Inside forgotten royal home haunted by King Charles relative accused of being Jack the Ripper

It has long been said that Windsor Castle is the most haunted of all the royal residences with over 25 reported experiences of ghosts and spirits – but it isn't the only famous home that has reports of paranormal activity.

There is one home on the vast Sandringham Estate in Norfolk that was never lived in by the late Queen, despite the significant connections it holds to her relatives.

There may be a reason for this, however, as it has long been said there is one historic resident who may be outstaying his welcome. The royal in question was involved in a number of scandals during his lifetime and would have been King if a tragedy hadn't happened.

York Cottage is a house situated within the grounds of the Sandringham Estate and is sometimes referred to as 'The Bachelor’s Cottage'. It was originally built as an overflow residence for the main Sandringham House.

While the exact year that the house was built is unclear, in 1893 it was given as a wedding gift by King Edward VII (then the Prince of Wales) to his son and new daughter-in-law the Duke and Duchess of York (later King George V and Queen Mary).

Before this, York Cottage had been lived in by Prince Albert Victor, the eldest son of King Edward VII, until his death in 1892 from influenza.

The cottage is used as the estate office for Sandringham and acts as accommodation for employees. But while there are no current royals in residence, it is reported that one famous figure might have 'stayed behind'.

Prince Albert Victor, Duke of Clarence and Avondale, was born on January 8, 1864 at Frogmore Cottage in Windsor but spent many years living at York Cottage.

The great-uncle of the late Queen was a controversial figure and was once a key suspect in the Jack the Ripper murders. The rumours swirled that he was the Whitechapel killer and there were two theories to support it.

The first theory was that the prince had contracted syphilis from a prostitute in the West Indies which made him go on a murderous, vengeful rampage as the disease spread to his brain, turning him mad.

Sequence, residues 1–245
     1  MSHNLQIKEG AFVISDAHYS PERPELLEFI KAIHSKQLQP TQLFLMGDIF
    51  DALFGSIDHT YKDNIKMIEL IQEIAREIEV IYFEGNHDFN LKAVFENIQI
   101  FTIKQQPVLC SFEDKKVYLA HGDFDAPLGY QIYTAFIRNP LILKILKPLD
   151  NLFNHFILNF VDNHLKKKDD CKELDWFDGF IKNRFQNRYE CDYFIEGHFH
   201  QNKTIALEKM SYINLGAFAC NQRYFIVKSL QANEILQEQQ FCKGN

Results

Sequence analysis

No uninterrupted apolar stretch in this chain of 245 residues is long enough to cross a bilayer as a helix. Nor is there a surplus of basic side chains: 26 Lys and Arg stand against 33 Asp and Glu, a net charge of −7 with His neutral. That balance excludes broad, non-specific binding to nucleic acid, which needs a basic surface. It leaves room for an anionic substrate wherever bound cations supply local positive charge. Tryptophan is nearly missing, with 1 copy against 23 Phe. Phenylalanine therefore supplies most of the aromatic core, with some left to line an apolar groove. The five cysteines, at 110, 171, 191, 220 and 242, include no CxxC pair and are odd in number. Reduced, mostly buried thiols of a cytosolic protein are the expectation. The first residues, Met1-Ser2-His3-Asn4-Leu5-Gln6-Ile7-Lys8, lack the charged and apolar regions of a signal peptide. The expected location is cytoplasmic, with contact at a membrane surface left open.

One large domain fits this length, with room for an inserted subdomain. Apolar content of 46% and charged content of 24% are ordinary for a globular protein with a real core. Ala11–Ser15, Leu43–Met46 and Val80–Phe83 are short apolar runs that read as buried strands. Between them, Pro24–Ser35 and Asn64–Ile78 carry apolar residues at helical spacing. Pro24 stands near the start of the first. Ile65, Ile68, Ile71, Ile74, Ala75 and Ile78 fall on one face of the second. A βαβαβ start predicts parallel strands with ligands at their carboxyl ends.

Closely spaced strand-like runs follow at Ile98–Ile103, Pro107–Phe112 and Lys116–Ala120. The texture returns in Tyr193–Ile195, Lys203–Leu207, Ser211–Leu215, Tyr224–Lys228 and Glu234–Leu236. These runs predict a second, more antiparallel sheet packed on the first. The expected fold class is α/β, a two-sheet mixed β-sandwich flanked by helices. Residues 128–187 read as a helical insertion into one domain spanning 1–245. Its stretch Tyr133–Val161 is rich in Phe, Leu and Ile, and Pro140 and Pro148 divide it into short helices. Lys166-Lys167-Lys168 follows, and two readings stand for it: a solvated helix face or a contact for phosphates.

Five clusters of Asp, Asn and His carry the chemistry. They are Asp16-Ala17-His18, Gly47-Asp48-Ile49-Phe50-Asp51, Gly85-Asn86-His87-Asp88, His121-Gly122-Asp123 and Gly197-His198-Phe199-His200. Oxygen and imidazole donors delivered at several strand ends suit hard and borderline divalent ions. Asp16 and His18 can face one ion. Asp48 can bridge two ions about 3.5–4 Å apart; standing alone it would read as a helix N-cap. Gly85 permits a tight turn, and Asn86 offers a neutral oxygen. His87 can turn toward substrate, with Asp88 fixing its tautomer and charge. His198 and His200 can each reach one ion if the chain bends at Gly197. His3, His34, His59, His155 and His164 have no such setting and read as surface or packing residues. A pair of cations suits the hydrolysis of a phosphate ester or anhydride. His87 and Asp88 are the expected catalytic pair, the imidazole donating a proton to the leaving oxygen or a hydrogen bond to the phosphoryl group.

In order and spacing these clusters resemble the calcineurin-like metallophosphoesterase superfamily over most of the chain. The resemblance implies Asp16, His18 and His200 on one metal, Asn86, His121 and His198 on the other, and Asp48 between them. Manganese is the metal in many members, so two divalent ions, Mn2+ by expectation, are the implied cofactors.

The second theory follows the idea that Albert fell in love, had a child with and secretly married a Catholic girl in Whitechapel.

The story goes that this was an undesirable match and the killings in the East End were the work of agents of the Royal Family who murdered anyone who had knowledge of the prince’s secret marriage or child.

Despite these scenarios, it has been widely discredited that he was the Whitechapel serial killer as the prince was 500 miles from London with his grandmother Queen Victoria in Balmoral on the night of the double murder on September 30, 1888.

There were more rumours which plagued the prince’s life, such as his apparent involvement in the Cleveland Street Scandal of 1889. When a male, homosexual brothel was discovered by police, it was eventually reported that Prince Albert Victor had visited.

The scandal launched huge criticism of the government as they were accused of covering up the controversy to protect aristocratic patrons.

Prince Albert Victor proposed to Princess Victoria Mary of Teck (the future Queen Mary) in 1891 and their wedding was set for the next year. But less than a week after his 28th birthday, Prince Albert Victor died in the Influenza pandemic and was replaced as heir by his younger brother, the future King George V.

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